Soils react differently to weather changes, but some nutrients that are vital for plant growth, such as nitrogen (N), phosphorus (P) and sulfur (S), have a tendency to be at slightly higher levels in soils after drought than before. While these higher levels could assist production in the short term, Beck says growers should continue to perform soil tests prior to planting and have tissue samples analyzed over the course of the growing season to make sure they're supplying their crops with necessary nutrients. In areas where pre-drought levels were distinctly undersupplied, nutrient deficiencies will still deter growth.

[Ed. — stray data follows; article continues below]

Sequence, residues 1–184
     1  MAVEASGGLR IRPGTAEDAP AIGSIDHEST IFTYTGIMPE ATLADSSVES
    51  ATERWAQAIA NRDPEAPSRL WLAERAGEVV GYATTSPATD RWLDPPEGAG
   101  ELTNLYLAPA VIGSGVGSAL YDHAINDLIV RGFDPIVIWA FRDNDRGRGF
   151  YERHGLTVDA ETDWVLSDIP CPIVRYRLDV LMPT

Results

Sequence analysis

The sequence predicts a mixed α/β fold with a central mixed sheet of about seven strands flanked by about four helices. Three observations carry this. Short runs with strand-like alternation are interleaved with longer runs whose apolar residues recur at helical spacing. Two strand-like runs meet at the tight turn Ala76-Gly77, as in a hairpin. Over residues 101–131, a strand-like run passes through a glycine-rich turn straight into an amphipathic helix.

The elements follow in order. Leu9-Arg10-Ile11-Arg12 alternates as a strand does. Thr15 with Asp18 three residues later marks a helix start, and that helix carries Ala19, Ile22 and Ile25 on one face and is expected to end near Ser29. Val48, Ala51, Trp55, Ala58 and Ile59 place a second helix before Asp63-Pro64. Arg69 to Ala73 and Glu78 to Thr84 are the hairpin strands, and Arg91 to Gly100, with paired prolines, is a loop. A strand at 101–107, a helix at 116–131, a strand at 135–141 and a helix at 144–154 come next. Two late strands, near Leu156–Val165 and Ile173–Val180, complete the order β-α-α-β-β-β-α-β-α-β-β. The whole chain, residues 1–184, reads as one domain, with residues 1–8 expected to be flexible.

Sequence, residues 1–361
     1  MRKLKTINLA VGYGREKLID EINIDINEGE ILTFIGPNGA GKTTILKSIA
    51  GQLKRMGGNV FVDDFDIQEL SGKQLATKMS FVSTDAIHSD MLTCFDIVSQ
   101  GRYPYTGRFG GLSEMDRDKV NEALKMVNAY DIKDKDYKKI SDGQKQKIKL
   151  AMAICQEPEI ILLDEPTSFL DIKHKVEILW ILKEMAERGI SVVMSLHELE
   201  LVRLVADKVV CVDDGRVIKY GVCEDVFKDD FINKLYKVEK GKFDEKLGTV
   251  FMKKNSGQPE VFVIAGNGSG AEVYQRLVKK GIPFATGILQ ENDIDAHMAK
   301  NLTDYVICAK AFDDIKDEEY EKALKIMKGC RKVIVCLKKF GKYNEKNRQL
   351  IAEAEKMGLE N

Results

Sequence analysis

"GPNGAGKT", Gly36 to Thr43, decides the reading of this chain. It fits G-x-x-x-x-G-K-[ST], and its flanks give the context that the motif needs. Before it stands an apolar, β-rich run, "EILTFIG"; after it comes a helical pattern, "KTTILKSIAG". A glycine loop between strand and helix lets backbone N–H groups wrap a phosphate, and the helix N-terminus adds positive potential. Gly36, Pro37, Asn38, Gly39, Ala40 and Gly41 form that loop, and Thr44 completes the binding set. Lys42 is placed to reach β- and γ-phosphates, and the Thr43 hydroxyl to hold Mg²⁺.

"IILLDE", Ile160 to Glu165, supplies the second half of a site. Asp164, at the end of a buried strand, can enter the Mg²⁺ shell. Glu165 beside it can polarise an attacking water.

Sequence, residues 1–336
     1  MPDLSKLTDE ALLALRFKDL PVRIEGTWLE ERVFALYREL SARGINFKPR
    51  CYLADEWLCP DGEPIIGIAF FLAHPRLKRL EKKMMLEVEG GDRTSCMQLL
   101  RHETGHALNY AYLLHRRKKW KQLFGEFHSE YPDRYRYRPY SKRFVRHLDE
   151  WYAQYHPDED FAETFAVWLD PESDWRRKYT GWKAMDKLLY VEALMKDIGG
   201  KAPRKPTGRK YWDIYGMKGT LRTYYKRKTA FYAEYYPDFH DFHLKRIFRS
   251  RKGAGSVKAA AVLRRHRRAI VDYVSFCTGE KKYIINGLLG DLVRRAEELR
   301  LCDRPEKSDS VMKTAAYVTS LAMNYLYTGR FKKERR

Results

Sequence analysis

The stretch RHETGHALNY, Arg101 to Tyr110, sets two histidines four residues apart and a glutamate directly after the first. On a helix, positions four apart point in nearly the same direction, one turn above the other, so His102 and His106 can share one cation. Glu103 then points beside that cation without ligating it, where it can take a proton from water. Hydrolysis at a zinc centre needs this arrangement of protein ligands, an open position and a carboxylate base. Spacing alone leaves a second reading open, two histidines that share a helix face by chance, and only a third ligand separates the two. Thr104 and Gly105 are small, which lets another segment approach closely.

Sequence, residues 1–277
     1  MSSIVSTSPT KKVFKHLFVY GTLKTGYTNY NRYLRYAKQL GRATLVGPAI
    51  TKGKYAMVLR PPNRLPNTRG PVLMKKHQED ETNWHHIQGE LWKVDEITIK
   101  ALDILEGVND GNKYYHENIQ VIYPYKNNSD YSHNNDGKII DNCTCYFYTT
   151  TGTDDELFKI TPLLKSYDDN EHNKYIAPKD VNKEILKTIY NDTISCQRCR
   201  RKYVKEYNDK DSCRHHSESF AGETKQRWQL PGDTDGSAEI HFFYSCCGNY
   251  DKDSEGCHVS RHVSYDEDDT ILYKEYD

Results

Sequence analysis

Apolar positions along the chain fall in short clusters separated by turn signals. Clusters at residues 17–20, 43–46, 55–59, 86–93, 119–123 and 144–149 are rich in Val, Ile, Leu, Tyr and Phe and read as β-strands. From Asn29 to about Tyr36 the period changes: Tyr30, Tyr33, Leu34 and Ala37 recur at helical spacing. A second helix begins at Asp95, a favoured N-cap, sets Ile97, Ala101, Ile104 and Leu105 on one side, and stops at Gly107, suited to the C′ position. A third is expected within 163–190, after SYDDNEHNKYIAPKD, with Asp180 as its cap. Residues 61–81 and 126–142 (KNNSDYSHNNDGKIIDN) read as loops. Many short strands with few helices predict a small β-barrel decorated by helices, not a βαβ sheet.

"Nitrates and sulfates will remain in soil until tile lines run and take those nutrients with it," Beck says. "If the tile lines don't run, then sample soils between the surface and 1 ft. and again at a depth between 1 and 2 ft. to identify how much N and S is available for the 2013 crop."

An area where the drought is unlikely to cause any significant long-term effects is soil pH.

 

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